Good morning, Broadsheet readers! Advertisers are fleeing The O’Reilly Factor, Ivanka Trump gives her first interview since taking a White House post, and Salesforce has spent a total of $6 million closing its pay gap. Have a wonderful Wednesday.
• Ask and you may receive. Yesterday’s Equal Pay Day sparked a flood of smart stories about the gender pay gap. Among my favorites: This uber-practical Washington Post guide to asking the right workplace questions about money and your job. It walks through the types of queries most of us have asked ourselves at one time or another—”How do I bring up money in a job interview?” or “As a manager, how can I help make sure my reports are being paid equitably?”—and pairs suggestions from experts with stories of real people sharing their own experiences.
Or, for a cheekier brand of advice, check out the “equal pay chatbot” created by The Muse, Ladies Get Paid, Reply.ai, and PayScale. Based on Cindy Gallop, the British advertising consultant and creator of MakeLoveNotPorn, the bot gives users Gallop-esque tips about asking for more money. Sample advice: “…ask yourself WWASWGD? What Would A Straight White Guy Do? Do that.”
ALSO IN THE HEADLINES
• Fallout at Fox. Fox News is under increasing pressure as more advertisers are pulling their spots from The O’Reilly Factor over concerns about the sexual harassment accusations against host Bill O’Reilly. As of Tuesday morning, 21 companies—including BMW of North America, GlaxoSmithKline, and Allstate—have dropped their ads. Yesterday, the National Organization of Women made an even stronger statement, calling for O’Reilly to be fired.
• Rice in hot water? The House Intelligence Committee now wants Susan Rice, national security adviser under President Obama, to testify in an investigation into Russian election interference, as the investigation widens to include allegations that the previous administration improperly used intelligence information involving President Trump or his associates. (Rice says this is “absolutely false.”) For more background on the developing story, here’s an excellent explainer by Fortune‘s Claire Zillman.
• Cue Google search of ‘complicit.’ In her first interview since becoming an official White House employee, Ivanka Trump defended herself against criticism that she is “complicit” in her father’s administration. “If being complicit is wanting to be a force for good and to make a positive impact, then I’m complicit,” Trump told CBS News’ Gayle King. “I don’t know what it means to be complicit, but I hope time will prove I have done a good job and that my father’s administration is the success I know it will be.”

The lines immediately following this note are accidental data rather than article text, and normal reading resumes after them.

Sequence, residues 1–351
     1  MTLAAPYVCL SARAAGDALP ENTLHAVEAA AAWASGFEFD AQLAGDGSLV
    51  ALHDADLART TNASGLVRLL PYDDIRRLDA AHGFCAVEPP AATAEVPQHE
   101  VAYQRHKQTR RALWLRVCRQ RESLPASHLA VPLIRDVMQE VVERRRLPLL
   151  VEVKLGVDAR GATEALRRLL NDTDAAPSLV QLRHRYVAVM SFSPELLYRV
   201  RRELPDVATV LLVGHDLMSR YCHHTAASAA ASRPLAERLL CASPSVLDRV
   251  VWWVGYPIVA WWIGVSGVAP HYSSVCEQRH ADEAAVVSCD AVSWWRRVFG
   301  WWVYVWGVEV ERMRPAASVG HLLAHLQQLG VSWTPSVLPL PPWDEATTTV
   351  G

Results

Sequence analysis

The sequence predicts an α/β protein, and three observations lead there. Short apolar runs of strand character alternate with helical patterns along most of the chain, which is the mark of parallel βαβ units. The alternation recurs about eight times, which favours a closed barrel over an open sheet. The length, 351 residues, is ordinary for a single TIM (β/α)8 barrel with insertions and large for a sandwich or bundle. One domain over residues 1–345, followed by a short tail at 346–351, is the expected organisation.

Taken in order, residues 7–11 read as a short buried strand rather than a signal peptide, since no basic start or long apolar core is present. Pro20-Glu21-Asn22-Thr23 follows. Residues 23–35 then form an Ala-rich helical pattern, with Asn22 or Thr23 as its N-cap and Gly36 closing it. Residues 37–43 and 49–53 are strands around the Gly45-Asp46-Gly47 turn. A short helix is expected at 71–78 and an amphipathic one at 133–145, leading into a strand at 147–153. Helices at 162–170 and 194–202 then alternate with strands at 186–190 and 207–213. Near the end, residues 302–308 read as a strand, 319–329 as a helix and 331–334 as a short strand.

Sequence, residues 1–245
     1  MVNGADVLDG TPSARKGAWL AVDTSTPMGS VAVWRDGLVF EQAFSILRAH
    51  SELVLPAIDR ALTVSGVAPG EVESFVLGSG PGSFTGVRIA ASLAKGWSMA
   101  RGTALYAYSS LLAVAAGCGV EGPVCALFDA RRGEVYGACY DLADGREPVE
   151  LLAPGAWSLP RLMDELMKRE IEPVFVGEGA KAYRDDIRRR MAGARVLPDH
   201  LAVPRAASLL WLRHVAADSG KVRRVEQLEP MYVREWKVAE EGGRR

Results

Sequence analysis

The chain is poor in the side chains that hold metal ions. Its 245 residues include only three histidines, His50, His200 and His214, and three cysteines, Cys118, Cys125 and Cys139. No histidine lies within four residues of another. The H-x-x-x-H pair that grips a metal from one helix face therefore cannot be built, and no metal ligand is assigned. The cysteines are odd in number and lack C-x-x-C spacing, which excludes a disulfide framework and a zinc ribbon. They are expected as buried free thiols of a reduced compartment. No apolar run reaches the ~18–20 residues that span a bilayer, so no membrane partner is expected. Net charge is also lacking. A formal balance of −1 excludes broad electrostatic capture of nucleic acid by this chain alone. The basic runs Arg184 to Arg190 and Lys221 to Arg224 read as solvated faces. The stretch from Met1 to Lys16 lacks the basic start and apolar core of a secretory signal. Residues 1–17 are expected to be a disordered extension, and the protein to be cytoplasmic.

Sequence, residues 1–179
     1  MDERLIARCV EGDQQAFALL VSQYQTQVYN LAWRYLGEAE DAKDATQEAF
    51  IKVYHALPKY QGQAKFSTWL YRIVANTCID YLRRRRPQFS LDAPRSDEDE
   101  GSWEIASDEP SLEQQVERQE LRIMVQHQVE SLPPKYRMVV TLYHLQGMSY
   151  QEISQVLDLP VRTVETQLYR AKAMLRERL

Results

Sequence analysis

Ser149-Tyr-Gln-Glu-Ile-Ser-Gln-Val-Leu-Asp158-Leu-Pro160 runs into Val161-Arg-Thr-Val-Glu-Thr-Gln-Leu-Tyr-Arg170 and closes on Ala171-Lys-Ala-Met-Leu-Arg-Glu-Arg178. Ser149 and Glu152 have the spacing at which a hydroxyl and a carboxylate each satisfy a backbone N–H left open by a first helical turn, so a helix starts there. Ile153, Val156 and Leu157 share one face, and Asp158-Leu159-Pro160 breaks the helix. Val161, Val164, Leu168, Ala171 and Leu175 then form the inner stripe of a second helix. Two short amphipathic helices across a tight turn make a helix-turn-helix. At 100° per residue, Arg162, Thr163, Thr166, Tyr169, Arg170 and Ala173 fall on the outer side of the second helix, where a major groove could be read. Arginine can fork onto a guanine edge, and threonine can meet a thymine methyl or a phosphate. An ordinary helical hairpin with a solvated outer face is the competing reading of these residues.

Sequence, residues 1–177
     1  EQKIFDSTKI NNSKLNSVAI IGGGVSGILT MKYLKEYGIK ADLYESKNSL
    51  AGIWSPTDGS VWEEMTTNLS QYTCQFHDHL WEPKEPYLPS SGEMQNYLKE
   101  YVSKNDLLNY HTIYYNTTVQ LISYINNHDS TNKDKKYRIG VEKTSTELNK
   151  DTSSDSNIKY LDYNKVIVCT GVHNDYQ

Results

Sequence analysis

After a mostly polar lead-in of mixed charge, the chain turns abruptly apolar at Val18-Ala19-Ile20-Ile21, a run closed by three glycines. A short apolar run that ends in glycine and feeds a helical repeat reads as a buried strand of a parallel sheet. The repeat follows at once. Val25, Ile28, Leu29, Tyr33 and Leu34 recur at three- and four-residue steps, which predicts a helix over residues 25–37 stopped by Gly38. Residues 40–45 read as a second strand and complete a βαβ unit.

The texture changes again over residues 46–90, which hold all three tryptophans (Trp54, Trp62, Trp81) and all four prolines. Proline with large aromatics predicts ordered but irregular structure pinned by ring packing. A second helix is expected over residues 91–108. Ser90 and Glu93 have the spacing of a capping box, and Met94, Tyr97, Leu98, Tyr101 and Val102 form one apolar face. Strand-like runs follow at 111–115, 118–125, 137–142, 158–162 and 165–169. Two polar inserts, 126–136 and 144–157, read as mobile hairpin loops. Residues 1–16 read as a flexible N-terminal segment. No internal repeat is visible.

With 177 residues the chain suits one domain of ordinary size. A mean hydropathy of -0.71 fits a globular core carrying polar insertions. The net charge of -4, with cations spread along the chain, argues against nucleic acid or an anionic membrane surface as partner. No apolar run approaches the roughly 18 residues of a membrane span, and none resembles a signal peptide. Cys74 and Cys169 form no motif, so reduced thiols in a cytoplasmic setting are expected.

• A $6 million story. Fortune‘s Ellen McGirt reports from Salesforce’s Equality Awards Gala in Washington, D.C., where Billie Jean King, Lilly Ledbetter, Patricia Arquette and Mary J. Blige were honored with “trailblazer” awards. Ellen also caught up with Salesforce’s EVP of employee success Cindy Robbins to discuss the company’s revelation that it has now spent a total of $6 million to close its gender pay gap.
• Words matter. Fortune‘s Stacy Jones and Grace Donnelly analyzed Walmart’s newly updated career website, looking at the language used in the postings for 4,400 of the retail behemoth’s open jobs. With the help of Textio, a company that assesses gender bias in job descriptions, they discovered that 51% of Walmart’s postings use language that is more likely to appeal to men than women.
IN CASE YOU MISSED IT
• Yahoo bids adieu. Marissa Mayer will reportedly not be joining Oath, the Verizon-owned company that will be formed when Yahoo merges with AOL.
• Mommy admins. Some employers are adding maternity concierge services to help working mothers balance the demands of pregnancy and childcare with their work schedules. The concierges help with tasks like recommending strollers, ordering breast pumps and researching fitness options for new moms seeking ways to get back in shape.
• A new starter. Not long after being criticized for her online post about being inconvenienced by protests against the president’s travel ban, Sage Steele is out as the host of ESPN’s NBA Countdown. Michelle Beadle will take her place.
• Tenacious trolls. After seeing a spike in sexist and racist remarks on her online feeds after the presidential election, the New York Times‘ Jenna Wortham reached out to a number of academics and software designers. Her goal: to better understand why Silicon Valley still cannot stop online harassment.
New York Times
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ON MY RADAR
Jimmy Choo founder Tamara Mellon earned less than some men who reported to her
Marvel boss says some retailers are blaming sales fall on female and non-white characters
Kendall Jenner’s Pepsi protest commercial draws online backlash
Gretchen Carlson: Three ways women can close the gender pay gap